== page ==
• June FOMC Outlook: Deepening Near-Term Economic Collapse, Protracted Recovery • Unlimited Money Creation and 0.00% to 0.25% Fed Funds Promised for Foreseeable Future • May 2023 Money Supply M1, M2 and M3 Annual Growth Rates Accelerated to Record Highs • Additional Explosive U.S. Government Deficit Spending and Debt Expansion Likely Follow • Early Inflation-Danger Signal: Monthly May Producer Price Inflation for Goods Spiked at a Record Pace, Reflecting Shortage-Induced 44% Surge in Meat Prices • Fed Chairman Powell Confirmed Second-Quarter 2023 Real Gross Domestic Product Likely Will Show Its Deepest Quarterly Contraction in History • ShadowStats Forecast for Second-Quarter 2023 Real GDP Contraction Remains Order of Magnitude 50% (-50%) Annualized Quarter/Quarter, 16% (-16%) Year/Year • Third- and Fourth-Quarter GDP Could See Some Bottom Bouncing, Depending on the Magnitude and Success of Reopening Efforts • Federal Reserve Board Members Forecast Fourth-Quarter 2023 Real GDP Annual Decline of 6.5% (-6.5%), Worst in Modern Quarterly Reporting, Other Than for Likely Deeper, Intervening Second- and Third-Quarter Annual Contractions  More ...
    Flash Commentary No. 1439 Subscription required June 9th, 2023
    • May 2023 Payroll Gain and Unemployment Drop Were Not Credible • Extreme Pandemic-Shutdown Disruptions to Labor Market Conditions, and Surveying of Same, Heavily Distorted Bureau of Labor Statistics Reporting • Headline Employment and Economic Bottom Bouncing Likely Are Still a Month or Two Away • Second-Quarter 2023 Real Gross Domestic Product Remains on Track for Its Deepest Ever Annualized Contraction, Order of Magnitude 50% (-50%) • Third- and Fourth-Quarter GDP Could See Some Bottom Bouncing, Depending on the Magnitude and Success of Reopening Efforts • Recession Began Fourth-Quarter 2023, per the National Bureau of Economic Research, Recovery - Regaining the Pre-Recession Peak - Could Take Years, per ShadowStats • FOMC June 10 Press Conference: Fed Funds Likely Will Hold at 0.00% to 0.25%; Economic Forecasts Probably Will Not Be Overly Optimistic  More ...
    Special Commentary No. 1438 Subscription required June 3rd, 2023
    • Entire Economic Expansion Since the Great Recession Is at Risk of Collapse • Driven by the Pandemic, U.S. Economic Plunge and Financial Market Turmoil Are Accompanied by Rapidly Mounting Risk of a Hyperinflationary Systemic Implosion • The Fed Is Creating Unlimited Money, Liquidity and Bailouts, With the Federal Government Embarking on Unlimited Deficit Spending and Bailouts • Annual Growth in Money Supply M1, M2 and the ShadowStats M3-Continuation Jumped to Historic Highs in April 2023, With Accelerating Expansion in Early-May • Ratio of Collapsing GDP to Exploding Federal Deficit and Debt Shows Historic Low Ability of the U.S. Economy to Cover U.S. Government Obligations • GDP Inventory Changes Suggest Developing Shortages; Infinite Money Creation Chasing Too Few Goods Can Trigger Early, Rapid and Meaningful Inflation, As Seen Already With Meat and Other Foods • Headline CPI-U Inflation in the United States from 1970, the Last Year of the Gold-Backed U.S. Dollar, to Date Has Been 561% • Corrected for U.S. Government Understatement of the CPI-U ShadowStats Alternate CPI Inflation (1970 to Date) Has Been 4,257% • Increase in the U.S. Dollar Price of Gold (1970 to Date) Has Been 4,314% • Gold and Silver Prices Remain the Canary in the Coal Mine of Hyperinflation  green加速器下载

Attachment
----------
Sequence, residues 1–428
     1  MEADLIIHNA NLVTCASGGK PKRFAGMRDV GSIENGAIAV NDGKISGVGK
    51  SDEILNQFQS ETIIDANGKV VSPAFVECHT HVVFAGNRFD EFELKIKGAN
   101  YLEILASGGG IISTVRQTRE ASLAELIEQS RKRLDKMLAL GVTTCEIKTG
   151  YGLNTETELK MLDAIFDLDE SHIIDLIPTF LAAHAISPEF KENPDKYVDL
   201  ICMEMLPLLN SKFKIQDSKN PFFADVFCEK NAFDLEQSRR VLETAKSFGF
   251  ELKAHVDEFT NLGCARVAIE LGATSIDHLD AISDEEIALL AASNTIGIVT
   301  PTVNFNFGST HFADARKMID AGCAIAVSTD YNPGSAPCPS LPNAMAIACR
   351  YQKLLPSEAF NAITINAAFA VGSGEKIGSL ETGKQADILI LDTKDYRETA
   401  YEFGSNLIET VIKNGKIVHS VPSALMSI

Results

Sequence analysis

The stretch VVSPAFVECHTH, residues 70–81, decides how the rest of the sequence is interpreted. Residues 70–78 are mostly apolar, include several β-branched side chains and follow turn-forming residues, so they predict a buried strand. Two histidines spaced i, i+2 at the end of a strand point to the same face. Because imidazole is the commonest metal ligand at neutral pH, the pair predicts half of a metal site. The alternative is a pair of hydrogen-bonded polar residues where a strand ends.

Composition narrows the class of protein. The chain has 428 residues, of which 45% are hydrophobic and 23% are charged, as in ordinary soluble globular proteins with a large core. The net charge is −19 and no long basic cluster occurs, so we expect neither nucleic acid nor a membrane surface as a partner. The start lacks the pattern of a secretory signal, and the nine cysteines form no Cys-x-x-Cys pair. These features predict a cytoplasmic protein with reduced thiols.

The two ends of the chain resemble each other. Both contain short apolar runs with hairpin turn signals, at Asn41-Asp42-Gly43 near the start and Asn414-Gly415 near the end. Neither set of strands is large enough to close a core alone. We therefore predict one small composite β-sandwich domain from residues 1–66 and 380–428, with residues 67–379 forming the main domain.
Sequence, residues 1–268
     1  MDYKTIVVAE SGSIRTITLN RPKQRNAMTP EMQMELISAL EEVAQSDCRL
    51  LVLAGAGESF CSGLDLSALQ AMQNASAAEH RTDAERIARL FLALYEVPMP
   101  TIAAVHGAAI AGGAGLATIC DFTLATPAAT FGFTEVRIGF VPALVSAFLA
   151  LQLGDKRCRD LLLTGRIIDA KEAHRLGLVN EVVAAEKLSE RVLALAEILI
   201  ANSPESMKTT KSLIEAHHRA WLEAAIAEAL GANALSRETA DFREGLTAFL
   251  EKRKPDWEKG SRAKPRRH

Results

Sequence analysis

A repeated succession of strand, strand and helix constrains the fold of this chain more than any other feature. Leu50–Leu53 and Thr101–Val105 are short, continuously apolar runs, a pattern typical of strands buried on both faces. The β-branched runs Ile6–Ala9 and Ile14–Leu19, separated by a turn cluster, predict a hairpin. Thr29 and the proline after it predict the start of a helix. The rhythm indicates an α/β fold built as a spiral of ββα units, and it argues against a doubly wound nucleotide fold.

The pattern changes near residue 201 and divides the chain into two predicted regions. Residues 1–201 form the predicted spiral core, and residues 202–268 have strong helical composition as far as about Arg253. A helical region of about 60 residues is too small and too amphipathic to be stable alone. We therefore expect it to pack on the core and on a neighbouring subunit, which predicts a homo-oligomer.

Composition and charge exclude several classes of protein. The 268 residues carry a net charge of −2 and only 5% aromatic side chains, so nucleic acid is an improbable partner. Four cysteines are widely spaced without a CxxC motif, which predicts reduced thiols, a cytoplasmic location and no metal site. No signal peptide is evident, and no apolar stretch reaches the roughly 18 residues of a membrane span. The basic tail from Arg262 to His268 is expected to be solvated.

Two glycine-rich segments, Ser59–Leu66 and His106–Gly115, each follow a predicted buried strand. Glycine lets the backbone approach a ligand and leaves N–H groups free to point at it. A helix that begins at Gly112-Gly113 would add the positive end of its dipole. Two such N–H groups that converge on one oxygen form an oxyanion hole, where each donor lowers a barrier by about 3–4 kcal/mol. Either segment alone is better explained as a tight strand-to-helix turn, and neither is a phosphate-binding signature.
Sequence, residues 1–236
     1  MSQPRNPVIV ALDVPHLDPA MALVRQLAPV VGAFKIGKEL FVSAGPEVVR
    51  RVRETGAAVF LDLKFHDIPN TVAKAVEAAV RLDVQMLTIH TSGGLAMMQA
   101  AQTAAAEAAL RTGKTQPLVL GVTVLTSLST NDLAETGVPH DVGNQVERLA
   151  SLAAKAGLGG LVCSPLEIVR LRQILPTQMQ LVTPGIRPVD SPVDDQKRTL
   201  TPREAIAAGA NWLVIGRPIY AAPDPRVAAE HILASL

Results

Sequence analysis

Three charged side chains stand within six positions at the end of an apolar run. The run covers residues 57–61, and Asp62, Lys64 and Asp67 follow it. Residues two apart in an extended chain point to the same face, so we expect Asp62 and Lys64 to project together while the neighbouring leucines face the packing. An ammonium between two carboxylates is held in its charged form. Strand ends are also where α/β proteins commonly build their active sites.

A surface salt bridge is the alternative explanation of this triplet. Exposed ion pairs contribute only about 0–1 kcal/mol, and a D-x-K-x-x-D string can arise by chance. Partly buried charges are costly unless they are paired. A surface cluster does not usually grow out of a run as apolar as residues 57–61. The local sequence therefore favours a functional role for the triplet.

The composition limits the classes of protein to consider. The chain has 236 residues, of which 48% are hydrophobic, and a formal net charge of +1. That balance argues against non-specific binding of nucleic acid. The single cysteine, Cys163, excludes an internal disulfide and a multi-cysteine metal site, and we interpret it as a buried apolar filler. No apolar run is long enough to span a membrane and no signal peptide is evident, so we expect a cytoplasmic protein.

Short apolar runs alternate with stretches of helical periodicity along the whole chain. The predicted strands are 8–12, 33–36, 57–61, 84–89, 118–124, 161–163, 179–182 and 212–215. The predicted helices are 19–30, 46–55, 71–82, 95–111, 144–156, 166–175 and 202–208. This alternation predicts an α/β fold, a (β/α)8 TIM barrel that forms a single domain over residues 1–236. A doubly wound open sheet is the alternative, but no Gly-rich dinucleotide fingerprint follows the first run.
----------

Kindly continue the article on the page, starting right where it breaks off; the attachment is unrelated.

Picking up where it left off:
Special Commentary No. 1437 Subscription required May 17th, 2023
    • Worst U.S. Economic Activity Ever Reported • April Retail Sales Fell the Most in Its 73-Year Reporting History • Production and Manufacturing Tumbled the Most in Their 101-Year History • Increasing New Claims for Unemployment Insurance and Insured Unemployed Confirm the Economy Fell Further in May, Albeit Likely at a Moderating Pace • Second-Quarter 2023 Real Annualized GDP Contraction of About 50% (-50%) Will Surpass Anything Ever Seen • If There Are Meaningful Efforts to Reopen the Economy, Third Quarter Activity Could Move Off Bottom in a Nascent L- or Shallow U-Shaped Recovery • Benchmark Revisions to New Orders for Durable Goods Confirmed Major Downside Revisions Loom for Pre-Pandemic GDP Reporting • U.S. Economy Already Was in Trouble Before the Pandemic, Because of Intensifying Federal Reserve Policy Malfeasance and Federal Government Fiscal Malpractice  More ...
    Flash Commentary No. 1436 green加速器下载 May 13th, 2023
    • April 2023 Cass Freight Index® Collapsed by 22.7% (-22.7%) Year-to-Year • Level of Activity and Annual Decline Both Sank to Lows Last Seen at the Depths of the Great Recession • Deepening Declines in Annual Freight Activity Remain Inconsistent With a Pre-Pandemic Booming Economy • Consistent With Fourth-Quarter 2023 and First-Quarter 2023 Contractions in Industrial Production and Real Retail Sales the Pandemic Savaged What Already Was an Unfolding Recession  green加速器下载官网
    Flash Commentary No. 1435 Subscription required May 10th, 2023